Things change over time. A 100 years ago technology did not exist in the way it does now. So one of our challenges now is how do we best use what technology one can bring to enhance what we do. So one example would be that we signed a partnership with UNICEF recently. It is called the U-Report. It is an app and girls living across the world register to say that they are a member of WAGGGS and then questions appear on the app about topics that are important to girls and they can write the answers.So we can gather information and statistics that can influence decision makers. Thus, using technology has really helped us to make connections to be much faster in how we respond to global issues. The other challenges like I described over history are that different dynamics exist, so we go through the war period, a peaceful period, a prosperous period, a poor period all those different things that happen not only in country cycles but also in global cycles. And right now one of the things that people are focused on is the impact of religion, the impact of political divide, the impact of a sense of growing divide between what young people think and what older generations that are elected to represent them think and WAGGGS has a responsibility to make sure that the voice of girls and young women is really elevated and can be used to influence decision makers in a positive way.
QGirls have been eligible to join the Scouts since 1976 and the Beavers and the Cubs since 1991. Will the Guides be open to allowing boys to join the movement?
I was asked this question many times. Right now when we ask the girls if they want the boys to join the Guides they say no. So our answer is the girls want a safe space that is for girls only and so that’s what we’ll continue to provide. There is no competition between the Scouts and the Guides. My energy goes into making ourselves accessible, attractive and relevant to those who we know we can bring great benefit and opportunity to but who haven’t had the opportunity to join.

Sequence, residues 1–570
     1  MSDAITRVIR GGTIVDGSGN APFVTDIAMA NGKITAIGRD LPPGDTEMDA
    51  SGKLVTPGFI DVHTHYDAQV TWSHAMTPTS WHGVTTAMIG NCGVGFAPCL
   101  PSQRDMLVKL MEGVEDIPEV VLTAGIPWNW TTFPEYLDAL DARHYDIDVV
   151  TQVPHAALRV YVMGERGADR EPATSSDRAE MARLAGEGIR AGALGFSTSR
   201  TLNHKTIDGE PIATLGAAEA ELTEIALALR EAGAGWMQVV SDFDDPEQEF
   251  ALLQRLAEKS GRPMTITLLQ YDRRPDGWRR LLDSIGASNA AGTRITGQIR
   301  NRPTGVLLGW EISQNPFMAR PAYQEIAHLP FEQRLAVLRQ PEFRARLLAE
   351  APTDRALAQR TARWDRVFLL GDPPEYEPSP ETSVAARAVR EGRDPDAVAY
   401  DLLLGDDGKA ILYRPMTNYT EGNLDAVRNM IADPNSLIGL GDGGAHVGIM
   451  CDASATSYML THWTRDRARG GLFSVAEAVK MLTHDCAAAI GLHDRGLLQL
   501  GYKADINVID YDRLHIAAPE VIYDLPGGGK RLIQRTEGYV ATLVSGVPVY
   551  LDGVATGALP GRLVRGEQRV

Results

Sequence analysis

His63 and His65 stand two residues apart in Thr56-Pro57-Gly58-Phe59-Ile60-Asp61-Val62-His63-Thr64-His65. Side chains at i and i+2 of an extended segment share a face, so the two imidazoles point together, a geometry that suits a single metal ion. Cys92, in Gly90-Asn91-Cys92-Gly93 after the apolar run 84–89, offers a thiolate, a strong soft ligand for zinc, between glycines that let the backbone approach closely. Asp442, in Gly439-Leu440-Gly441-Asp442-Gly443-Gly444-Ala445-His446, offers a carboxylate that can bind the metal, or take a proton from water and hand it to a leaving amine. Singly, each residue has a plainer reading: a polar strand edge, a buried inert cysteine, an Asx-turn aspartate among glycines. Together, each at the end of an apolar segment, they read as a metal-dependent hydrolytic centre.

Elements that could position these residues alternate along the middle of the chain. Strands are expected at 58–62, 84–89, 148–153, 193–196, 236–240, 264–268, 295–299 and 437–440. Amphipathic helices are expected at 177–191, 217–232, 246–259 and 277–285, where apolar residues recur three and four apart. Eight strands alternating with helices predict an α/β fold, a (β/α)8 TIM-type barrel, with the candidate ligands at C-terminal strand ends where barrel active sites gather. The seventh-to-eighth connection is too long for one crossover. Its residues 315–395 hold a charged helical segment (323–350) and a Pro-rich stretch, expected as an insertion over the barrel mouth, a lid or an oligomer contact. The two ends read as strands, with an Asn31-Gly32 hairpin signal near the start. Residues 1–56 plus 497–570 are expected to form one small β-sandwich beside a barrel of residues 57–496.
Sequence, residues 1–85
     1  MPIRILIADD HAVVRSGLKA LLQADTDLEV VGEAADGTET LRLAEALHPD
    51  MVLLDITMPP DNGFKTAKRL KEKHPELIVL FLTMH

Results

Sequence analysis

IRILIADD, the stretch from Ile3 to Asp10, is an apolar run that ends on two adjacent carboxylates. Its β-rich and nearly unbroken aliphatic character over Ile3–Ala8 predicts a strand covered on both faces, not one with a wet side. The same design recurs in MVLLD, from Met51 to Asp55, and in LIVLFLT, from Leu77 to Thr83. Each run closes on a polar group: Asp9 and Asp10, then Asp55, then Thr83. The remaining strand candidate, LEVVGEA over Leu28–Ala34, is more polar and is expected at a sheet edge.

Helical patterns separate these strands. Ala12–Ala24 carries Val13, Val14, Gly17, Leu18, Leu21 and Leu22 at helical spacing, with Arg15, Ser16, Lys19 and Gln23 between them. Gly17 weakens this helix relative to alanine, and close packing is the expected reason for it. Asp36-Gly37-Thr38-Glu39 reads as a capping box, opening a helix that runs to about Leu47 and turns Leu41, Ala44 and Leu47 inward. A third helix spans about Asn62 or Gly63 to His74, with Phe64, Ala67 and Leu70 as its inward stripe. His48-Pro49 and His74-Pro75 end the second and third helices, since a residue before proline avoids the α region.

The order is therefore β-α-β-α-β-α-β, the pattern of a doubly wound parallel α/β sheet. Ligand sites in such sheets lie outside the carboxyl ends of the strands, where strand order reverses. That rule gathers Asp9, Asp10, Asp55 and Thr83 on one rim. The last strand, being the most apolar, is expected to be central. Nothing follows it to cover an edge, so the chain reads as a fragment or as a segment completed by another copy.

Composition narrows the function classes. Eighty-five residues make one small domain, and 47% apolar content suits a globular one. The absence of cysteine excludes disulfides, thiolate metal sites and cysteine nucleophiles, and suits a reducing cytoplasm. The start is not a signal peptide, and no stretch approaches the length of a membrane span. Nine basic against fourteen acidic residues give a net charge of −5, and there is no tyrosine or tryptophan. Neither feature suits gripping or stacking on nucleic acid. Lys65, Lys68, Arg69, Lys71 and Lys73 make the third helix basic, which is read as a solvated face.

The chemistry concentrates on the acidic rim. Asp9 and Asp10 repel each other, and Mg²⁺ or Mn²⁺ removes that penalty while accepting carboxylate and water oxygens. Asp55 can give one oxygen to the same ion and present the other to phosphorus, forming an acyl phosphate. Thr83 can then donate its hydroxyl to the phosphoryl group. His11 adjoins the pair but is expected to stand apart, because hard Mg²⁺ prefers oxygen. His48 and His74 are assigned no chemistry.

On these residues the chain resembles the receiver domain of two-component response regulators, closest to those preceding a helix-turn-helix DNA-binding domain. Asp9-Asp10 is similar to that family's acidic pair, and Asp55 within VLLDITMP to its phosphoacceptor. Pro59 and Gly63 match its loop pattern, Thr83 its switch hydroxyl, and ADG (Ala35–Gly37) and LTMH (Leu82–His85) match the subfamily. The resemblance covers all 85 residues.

QWhy is it important for the Guide Movement to be an all-girl movement?
It is very important. We genuinely believe in the value of integration, empathy, understanding each others place in the world and we achieve more when we work together than when we split apart.
Within the organization WAGGGS, we have some co-educational countries and some single sex countries. It’s very dependent on what the girls want for themselves and that’s determined by the culture and society that they live in, and most certainly the girls and young women tell us what they value is a safe girl space because it is something that they don’t get in different parts of their life.They feel that when they come to the Girl Guides they are in a girl-only space where they can genuinely be themselves, they can relax, grow in confidence, try new things, fail and learn from those mistakes and it is safe knowing that no one passes judgment and those are really important when one is trying to give a girl the opportunity to learn the life skills that they need.
QWhat would you say to those who think that Girl Guides is just about learning to tie knots, going camping and just having fun in general?
I would encourage them to look into the projects that Sri Lanka Girl Guides is leading and to challenge their opinions. I think it’s demonstrated through our 100-year history time and again that we’re one of the greatest movements. We’ve been agitating for social change. We’re the cutting edge of taking the view of a girl and a young woman and transitioning it into real action in society and it’s been consistent throughout a 100 years, and in some ways we’re the world’s best kept secret.